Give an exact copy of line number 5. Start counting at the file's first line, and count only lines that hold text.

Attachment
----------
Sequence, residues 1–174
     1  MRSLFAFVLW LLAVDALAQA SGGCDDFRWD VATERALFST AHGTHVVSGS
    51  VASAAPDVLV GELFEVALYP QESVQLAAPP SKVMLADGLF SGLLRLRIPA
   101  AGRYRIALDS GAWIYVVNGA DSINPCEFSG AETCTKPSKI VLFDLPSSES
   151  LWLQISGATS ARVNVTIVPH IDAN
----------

   151  LWLQISGATS ARVNVTIVPH IDAN